Bandwidth (computing)

bandwidthnetwork bandwidthInternet bandwidthbandwidthsdigital bandwidthdata bandwidthdigital bandwidth capacityfaster Internet connectionhigh-bandwidthlow bandwidth
In computing, bandwidth is the maximum rate of data transfer across a given path.wikipedia
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Goodput

The consumed bandwidth in bit/s, corresponds to achieved throughput or goodput, i.e., the average rate of successful data transfer through a communication path.
The goodput is always lower than the throughput (the gross bit rate that is transferred physically), which generally is lower than network access connection speed (the channel capacity or bandwidth).

Throughput

maximum throughputasymptotic bandwidthBandwidth
The consumed bandwidth in bit/s, corresponds to achieved throughput or goodput, i.e., the average rate of successful data transfer through a communication path. The term bandwidth sometimes defines the net bit rate 'peak bit rate', 'information rate,' or physical layer 'useful bit rate', channel capacity, or the maximum throughput of a logical or physical communication path in a digital communication system.
Throughput is essentially synonymous to digital bandwidth consumption; it can be analyzed mathematically by applying the queueing theory, where the load in packets per time unit is denoted as the arrival rate, and the throughput, where the drop in packets per time unit, is denoted as the departure rate .

Discrete cosine transform

DCTiDCTinverse discrete cosine transform
The most widely used data compression technique for media bandwidth reduction is the discrete cosine transform (DCT), which was first proposed by Nasir Ahmed in the early 1970s.
DCTs are also important to numerous other applications in science and engineering, such as digital signal processing, communications devices, reducing network bandwidth usage, and spectral methods for the numerical solution of partial differential equations.

Measuring network throughput

actual effective throughputbandwidth testMeasuring data throughput
For example, bandwidth tests measure the maximum throughput of a computer network.
When talking about circuit bit rates, people will interchangeably use the terms throughput, bandwidth and speed, and refer to a circuit as being a '64 k' circuit, or a '2 meg' circuit — meaning 64 kbit/s or 2 Mbit/s (see also the List of connection bandwidths).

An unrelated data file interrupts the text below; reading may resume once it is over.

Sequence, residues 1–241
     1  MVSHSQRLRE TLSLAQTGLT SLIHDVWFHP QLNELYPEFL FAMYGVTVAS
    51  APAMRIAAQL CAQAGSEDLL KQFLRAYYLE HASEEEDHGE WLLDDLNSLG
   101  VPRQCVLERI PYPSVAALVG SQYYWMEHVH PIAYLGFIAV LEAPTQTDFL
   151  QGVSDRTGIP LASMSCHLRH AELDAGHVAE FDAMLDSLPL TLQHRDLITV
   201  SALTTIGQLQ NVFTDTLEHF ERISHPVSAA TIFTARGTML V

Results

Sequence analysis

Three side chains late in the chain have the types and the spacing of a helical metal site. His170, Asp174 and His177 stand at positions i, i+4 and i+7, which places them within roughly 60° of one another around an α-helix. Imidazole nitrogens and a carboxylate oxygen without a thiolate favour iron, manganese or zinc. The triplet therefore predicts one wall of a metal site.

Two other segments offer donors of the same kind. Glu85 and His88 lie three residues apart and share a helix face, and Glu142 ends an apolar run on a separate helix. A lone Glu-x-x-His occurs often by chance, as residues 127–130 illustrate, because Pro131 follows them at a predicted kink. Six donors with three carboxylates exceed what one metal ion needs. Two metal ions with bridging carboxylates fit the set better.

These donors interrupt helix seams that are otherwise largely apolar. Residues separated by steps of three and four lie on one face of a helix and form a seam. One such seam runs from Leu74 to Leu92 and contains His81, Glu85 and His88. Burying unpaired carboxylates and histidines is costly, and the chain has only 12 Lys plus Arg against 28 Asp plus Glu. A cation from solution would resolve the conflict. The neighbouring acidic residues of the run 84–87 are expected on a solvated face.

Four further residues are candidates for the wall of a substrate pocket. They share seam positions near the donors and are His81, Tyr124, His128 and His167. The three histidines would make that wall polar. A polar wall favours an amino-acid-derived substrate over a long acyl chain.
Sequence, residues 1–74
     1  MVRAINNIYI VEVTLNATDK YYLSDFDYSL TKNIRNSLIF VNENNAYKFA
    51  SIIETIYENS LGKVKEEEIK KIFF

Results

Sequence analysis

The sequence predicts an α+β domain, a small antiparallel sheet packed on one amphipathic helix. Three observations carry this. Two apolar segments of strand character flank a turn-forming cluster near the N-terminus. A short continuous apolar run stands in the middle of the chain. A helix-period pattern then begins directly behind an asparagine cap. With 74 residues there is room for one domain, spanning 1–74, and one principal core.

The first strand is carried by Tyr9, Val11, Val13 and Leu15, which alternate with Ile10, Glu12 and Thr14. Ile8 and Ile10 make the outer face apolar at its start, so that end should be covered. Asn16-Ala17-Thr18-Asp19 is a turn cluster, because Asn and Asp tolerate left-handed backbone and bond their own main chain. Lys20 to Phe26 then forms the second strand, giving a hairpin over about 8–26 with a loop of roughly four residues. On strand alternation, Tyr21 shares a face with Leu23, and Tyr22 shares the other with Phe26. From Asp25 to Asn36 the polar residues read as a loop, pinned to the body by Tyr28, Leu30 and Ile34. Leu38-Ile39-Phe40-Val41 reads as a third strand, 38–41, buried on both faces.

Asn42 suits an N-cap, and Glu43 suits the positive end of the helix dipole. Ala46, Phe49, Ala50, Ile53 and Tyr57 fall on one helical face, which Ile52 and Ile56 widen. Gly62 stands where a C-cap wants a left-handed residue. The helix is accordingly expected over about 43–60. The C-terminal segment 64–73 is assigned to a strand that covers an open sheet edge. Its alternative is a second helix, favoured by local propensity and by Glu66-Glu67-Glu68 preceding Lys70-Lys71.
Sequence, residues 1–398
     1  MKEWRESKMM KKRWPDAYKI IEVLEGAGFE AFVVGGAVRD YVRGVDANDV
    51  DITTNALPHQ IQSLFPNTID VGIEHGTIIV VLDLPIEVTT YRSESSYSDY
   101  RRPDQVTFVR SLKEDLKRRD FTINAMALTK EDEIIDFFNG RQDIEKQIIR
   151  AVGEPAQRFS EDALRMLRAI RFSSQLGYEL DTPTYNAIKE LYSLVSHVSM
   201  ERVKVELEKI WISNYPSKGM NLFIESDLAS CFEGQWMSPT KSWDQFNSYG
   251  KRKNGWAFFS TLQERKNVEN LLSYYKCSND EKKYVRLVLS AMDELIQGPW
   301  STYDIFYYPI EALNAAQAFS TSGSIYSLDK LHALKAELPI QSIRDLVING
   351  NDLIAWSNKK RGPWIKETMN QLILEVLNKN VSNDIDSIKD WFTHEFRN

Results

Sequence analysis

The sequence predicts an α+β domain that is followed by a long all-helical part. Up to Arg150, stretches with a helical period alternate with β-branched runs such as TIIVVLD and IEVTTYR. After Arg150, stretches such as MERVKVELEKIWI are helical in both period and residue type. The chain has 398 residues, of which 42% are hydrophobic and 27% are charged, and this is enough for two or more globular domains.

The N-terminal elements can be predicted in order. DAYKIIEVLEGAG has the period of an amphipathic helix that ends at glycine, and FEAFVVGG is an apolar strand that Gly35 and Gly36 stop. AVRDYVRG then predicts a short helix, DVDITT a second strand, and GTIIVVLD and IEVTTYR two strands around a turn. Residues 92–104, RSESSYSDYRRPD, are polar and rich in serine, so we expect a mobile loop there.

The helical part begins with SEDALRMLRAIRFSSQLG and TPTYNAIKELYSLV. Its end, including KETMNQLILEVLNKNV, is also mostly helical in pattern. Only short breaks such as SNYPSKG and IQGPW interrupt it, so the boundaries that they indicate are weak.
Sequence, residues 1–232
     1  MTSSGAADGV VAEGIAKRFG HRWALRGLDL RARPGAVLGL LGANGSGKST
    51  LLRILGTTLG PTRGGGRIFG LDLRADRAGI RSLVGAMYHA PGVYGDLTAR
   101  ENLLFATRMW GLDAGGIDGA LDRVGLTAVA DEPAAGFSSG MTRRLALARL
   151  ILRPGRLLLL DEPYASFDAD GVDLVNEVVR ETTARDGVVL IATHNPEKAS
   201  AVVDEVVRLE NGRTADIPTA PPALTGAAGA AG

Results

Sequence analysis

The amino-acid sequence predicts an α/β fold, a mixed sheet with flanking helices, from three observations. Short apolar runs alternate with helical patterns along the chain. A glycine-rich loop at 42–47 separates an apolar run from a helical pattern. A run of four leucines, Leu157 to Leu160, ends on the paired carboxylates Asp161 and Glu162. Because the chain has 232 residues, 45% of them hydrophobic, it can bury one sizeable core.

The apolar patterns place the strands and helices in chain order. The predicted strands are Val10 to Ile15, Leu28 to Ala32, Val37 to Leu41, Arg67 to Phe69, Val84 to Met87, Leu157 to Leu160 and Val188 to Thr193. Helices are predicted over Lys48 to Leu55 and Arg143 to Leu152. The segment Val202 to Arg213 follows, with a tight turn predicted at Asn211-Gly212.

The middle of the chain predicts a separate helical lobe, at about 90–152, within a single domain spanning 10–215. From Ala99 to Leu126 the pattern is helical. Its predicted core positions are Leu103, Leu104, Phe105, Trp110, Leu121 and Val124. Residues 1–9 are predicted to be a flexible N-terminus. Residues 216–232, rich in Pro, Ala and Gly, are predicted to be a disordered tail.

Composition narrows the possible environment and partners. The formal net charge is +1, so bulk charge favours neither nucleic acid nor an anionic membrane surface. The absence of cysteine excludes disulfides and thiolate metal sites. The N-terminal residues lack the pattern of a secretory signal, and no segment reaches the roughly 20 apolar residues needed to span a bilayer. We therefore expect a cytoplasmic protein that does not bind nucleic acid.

Channel capacity

capacitydata capacityinformation capacity
The term bandwidth sometimes defines the net bit rate 'peak bit rate', 'information rate,' or physical layer 'useful bit rate', channel capacity, or the maximum throughput of a logical or physical communication path in a digital communication system. The maximum rate that can be sustained on a link are limited by the Shannon-Hartley channel capacity for these communication systems, which is dependent on the bandwidth in hertz and the noise on the channel.

Shannon–Hartley theorem

Shannon-Hartley theoremHartley's lawShannon limit
The maximum rate that can be sustained on a link are limited by the Shannon-Hartley channel capacity for these communication systems, which is dependent on the bandwidth in hertz and the noise on the channel.
Hartley's law is sometimes quoted as just a proportionality between the analog bandwidth, B, in Hertz and what today is called the digital bandwidth, R, in bit/s.

Data compression

compressionvideo compressioncompressed
Digital bandwidth may also refer to: multimedia bit rate or average bitrate after multimedia data compression (source coding), defined as the total amount of data divided by the playback time.
Audio data compression, not to be confused with dynamic range compression, has the potential to reduce the transmission bandwidth and storage requirements of audio data.

Bandwidth allocation

Spectrum
The consumed bandwidth can be affected by technologies such as bandwidth shaping, bandwidth management, bandwidth throttling, bandwidth cap, bandwidth allocation (for example bandwidth allocation protocol and dynamic bandwidth allocation), etc. A bit stream's bandwidth is proportional to the average consumed signal bandwidth in hertz (the average spectral bandwidth of the analog signal representing the bit stream) during a studied time interval.
Bandwidth allocation can also be used in reference to the computing industry, in scenarios such as allocating bandwidth to a web site running on a server, or allocating bandwidth to a computer on a network.

Bit rate

bitratedata ratedata transfer rate
Digital bandwidth may also refer to: multimedia bit rate or average bitrate after multimedia data compression (source coding), defined as the total amount of data divided by the playback time.
Consequently, the net bit rate is sometimes called digital bandwidth capacity in bit/s.

Bandwidth (signal processing)

bandwidthbandwidthssignal bandwidth
The maximum rate that can be sustained on a link are limited by the Shannon-Hartley channel capacity for these communication systems, which is dependent on the bandwidth in hertz and the noise on the channel. This definition of bandwidth is in contrast to the field of signal processing, wireless communications, modem data transmission, digital communications, and electronics, in which bandwidth is used to refer to analog signal bandwidth measured in hertz, meaning the frequency range between lowest and highest attainable frequency while meeting a well-defined impairment level in signal power.

List of interface bit rates

List of device bandwidthsList of device bit ratesBandwidth
This is a list of interface bit rates, is a measure of information transfer rates, or digital bandwidth capacity, at which digital interfaces in a computer or network can communicate over various kinds of buses and channels.

Digital Signal 1

T1DS1T-1